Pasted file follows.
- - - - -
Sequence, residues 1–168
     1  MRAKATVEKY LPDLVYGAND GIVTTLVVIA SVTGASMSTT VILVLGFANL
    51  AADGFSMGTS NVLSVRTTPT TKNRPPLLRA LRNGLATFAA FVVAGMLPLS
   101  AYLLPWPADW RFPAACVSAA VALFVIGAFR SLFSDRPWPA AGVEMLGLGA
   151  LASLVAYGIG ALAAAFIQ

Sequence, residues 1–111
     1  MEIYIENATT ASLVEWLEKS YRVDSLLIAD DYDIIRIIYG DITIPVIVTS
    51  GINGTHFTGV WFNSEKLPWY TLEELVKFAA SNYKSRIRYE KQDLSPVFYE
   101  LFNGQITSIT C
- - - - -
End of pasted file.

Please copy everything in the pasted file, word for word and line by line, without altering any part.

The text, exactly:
Sequence, residues 1–168
     1  MRAKATVEKY LPDLVYGAND GIVTTLVVIA SVTGASMSTT VILVLGFANL
    51  AADGFSMGTS NVLSVRTTPT TKNRPPLLRA LRNGLATFAA FVVAGMLPLS
   101  AYLLPWPADW RFPAACVSAA VALFVIGAFR SLFSDRPWPA AGVEMLGLGA
   151  LASLVAYGIG ALAAAFIQ

Sequence, residues 1–111
     1  MEIYIENATT ASLVEWLEKS YRVDSLLIAD DYDIIRIIYG DITIPVIVTS
    51  GINGTHFTGV WFNSEKLPWY TLEELVKFAA SNYKSRIRYE KQDLSPVFYE
   101  LFNGQITSIT C